The Associated Press
Excerpts from recent editorials in newspapers in the United States and abroad:
St. Louis (Missouri) Post-Dispatch on leaders stepping up:
It was reported Monday by Andrea Peterson of the Washington Post that the city of Ferguson had hired a Chesterfield public relations firm that specializes in crisis management. We tried contacting the firm to verify this, but no one answered the phone. As metaphors for the communications issues that have characterized the protests in Ferguson, this works very nicely.
As the 10th night of protests approached, a few things had sorted themselves out. More remain unsorted.
The family of Michael Brown, the unarmed 18-year-old whose death at the hands of a Ferguson Police Officer Darren Wilson on Aug. 9 sparked the protests, has hired lawyers. Mr. Wilson apparently has hired lawyers. Three autopsies have been performed, none of which appear to conclusively support initial eyewitness testimony on either side.
The Ferguson and St. Louis County police departments, which could not have bungled communications worse if they'd tried, were relieved of overall command by Capt. Ron Johnson of the Missouri Highway Patrol. For a couple of days, Capt. Johnson talked to everyone, leaving no doubt who was in charge.
After Sunday night, when protesters made a move on the police command center, Gov. Jay Nixon activated the National Guard to protect the command center, apparently surprising Capt. Johnson. As Monday evening began, Capt. Johnson was still in charge on the streets, which had been ordered cleared, but the Guard was in charge at the command center.
For all the uncertainty on the law enforcement side, there was more on the protesters' side. The pastors and local activists who played a leading role in the first days of the insurgency, appeared to have no control over certain more aggressive elements in the crowd.
These awful events will not be calmed until leaders emerge, on both sides, and communicate clearly, among themselves, among each other and to the public. Law enforcement should speak with one, clear voice. It must engage on social media, where it is being creamed in the info-wars. It must treat reporters fairly. In return, reporters should respect lawful orders, as they would if they were embedded in a war zone. People are frightened, and frightened people sometimes make bad decisions.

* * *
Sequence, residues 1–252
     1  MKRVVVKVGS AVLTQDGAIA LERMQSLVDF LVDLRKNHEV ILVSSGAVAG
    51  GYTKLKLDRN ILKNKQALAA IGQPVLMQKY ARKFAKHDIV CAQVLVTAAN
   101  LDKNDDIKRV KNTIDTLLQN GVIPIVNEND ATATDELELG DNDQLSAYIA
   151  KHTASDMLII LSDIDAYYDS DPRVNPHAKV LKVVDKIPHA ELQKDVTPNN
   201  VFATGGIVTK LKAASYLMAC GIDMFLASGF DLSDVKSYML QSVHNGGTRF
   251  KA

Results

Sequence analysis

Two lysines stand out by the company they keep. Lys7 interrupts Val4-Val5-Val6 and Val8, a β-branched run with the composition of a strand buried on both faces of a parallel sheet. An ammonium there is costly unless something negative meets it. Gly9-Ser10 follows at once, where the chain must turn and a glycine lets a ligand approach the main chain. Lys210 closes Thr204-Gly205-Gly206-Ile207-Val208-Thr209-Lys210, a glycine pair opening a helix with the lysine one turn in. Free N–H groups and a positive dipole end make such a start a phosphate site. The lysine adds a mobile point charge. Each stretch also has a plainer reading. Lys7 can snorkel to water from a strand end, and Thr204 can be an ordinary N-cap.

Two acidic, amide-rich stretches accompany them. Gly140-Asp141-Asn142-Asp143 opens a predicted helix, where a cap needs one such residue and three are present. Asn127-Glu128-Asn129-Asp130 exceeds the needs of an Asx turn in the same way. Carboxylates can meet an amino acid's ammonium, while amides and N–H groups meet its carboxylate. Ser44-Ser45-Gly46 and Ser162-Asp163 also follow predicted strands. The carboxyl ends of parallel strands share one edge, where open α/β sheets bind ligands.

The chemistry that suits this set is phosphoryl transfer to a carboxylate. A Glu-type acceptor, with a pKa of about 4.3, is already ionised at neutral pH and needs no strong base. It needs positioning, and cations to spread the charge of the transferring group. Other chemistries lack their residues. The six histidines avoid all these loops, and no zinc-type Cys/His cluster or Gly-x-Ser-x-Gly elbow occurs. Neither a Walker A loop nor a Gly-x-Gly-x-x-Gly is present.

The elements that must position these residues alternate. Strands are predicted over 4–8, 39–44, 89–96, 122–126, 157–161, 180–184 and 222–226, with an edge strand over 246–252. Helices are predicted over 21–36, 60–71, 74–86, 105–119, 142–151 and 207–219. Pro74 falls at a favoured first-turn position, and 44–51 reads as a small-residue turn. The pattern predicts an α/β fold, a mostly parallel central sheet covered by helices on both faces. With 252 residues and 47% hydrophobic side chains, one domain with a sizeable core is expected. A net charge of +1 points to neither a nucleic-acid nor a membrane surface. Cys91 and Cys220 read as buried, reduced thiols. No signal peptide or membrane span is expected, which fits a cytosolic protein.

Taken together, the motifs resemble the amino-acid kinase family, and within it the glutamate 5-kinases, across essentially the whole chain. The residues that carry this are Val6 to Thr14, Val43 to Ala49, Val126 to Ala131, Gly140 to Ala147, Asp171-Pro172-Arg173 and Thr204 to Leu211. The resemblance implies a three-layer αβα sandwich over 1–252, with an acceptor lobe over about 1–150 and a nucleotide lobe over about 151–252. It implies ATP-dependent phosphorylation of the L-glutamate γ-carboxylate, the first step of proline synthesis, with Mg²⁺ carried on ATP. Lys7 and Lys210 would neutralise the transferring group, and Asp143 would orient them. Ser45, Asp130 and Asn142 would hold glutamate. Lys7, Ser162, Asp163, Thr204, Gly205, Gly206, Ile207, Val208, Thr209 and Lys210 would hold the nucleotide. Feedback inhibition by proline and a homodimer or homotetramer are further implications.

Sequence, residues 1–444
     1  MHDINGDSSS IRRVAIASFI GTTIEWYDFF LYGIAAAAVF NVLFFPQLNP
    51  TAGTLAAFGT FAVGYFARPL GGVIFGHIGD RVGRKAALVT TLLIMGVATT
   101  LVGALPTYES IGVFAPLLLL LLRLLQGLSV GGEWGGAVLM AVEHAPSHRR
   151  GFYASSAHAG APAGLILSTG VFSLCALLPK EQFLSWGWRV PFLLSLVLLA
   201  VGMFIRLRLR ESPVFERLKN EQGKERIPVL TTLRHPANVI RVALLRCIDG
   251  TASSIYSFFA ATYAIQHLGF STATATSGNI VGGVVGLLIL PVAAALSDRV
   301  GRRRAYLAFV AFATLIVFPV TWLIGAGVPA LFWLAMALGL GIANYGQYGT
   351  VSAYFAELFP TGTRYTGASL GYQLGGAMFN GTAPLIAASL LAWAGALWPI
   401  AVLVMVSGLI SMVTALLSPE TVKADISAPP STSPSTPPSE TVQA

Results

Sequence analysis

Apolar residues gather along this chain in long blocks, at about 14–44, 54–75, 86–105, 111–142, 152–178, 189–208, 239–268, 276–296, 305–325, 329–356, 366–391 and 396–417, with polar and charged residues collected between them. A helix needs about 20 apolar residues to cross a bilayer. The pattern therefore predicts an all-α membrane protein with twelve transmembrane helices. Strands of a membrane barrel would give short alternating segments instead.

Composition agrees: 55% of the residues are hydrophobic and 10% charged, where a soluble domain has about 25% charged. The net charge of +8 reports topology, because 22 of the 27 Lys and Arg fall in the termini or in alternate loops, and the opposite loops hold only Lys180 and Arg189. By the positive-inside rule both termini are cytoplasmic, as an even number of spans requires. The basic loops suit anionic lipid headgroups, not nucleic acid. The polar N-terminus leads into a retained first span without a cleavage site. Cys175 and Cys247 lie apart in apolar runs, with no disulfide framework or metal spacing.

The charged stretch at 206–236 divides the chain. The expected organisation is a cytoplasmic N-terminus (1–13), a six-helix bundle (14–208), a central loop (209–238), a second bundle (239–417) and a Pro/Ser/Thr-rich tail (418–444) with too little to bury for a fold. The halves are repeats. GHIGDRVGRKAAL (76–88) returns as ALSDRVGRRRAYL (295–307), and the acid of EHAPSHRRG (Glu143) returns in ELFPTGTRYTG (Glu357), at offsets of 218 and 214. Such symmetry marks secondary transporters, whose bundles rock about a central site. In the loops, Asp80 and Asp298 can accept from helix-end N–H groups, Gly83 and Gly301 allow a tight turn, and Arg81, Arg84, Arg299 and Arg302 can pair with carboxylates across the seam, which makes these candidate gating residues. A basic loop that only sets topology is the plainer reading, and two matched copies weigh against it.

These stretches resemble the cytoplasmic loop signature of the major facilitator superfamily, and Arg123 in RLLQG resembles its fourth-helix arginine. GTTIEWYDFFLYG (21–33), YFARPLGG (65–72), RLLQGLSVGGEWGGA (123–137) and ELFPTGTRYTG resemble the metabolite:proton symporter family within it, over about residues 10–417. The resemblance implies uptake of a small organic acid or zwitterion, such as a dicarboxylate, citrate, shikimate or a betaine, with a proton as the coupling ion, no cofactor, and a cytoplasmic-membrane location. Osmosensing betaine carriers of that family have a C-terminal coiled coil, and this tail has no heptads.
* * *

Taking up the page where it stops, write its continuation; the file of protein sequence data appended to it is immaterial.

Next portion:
On the other side, protesters should consider who they are following, and for what purpose. Mob mentality is not just a figure of speech. There are people in this crowd who are there to create trouble, not solve problems.
If progress is going to be made in dealing with very real issues facing Ferguson and St. Louis, responsible leaders must step forward and be heard.
Los Angeles Times on NSA:
A little more than a year after former National Security Agency contractor Edward Snowden revealed that the federal government was collecting and storing the telephone records of millions of Americans, Congress is poised to end the program and provide significant protection for a broad range of personal information sought by government investigators.
Sen. Patrick Leahy (D-Vt.), the chairman of the Senate Judiciary Committee, has proposed a version of the bill that is significantly more protective of privacy than one passed by the House in May. Like the House bill, Leahy's proposal would end the NSA's bulk collection of telephone "metadata" -- information about the source, destination and duration of phone calls that investigators can "query" in search of possible connections to foreign terrorism.
But the Senate version, worked out in negotiations with the White House and civil liberties groups, imposes stricter limits on the search terms used to obtain not only phone data but other records as well. For example, the bill makes it clear that the government may not use a search term that would collect all information relating to a particular service provider or a broad geographic region denoted by a ZIP Code or area code.
Finally, the bill provides for the declassification and publication "to the greatest extent practicable" of opinions by the Foreign Intelligence Surveillance Court and its appellate arm, the Foreign Intelligence Surveillance Court of Review.
Important as it is, the Leahy bill addresses in only minor ways the collection of information about Americans as a byproduct of the electronic surveillance targeting foreigners living abroad. Unlike the collection of telephone metadata, these activities capture the actual contents of phone conversations, emails and social media postings, meaning that if an American is in contact with a friend or relative abroad, his private musings can be swept up in the electronic dragnet. That creates the possibility of "backdoor" surveillance of Americans without the individual warrants required by the 4th Amendment.